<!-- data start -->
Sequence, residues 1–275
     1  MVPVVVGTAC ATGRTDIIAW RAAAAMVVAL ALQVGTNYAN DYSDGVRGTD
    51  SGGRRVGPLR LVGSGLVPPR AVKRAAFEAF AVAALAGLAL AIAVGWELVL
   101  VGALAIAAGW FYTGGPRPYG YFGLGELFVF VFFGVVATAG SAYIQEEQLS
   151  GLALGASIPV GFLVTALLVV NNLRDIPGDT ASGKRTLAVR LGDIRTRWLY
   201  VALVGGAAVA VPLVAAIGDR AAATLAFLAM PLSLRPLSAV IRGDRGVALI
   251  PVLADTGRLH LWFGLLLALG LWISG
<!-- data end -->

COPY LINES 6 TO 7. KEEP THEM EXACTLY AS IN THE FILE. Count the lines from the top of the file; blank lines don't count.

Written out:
   201  VALVGGAAVA VPLVAAIGDR AAATLAFLAM PLSLRPLSAV IRGDRGVALI
   251  PVLADTGRLH LWFGLLLALG LWISG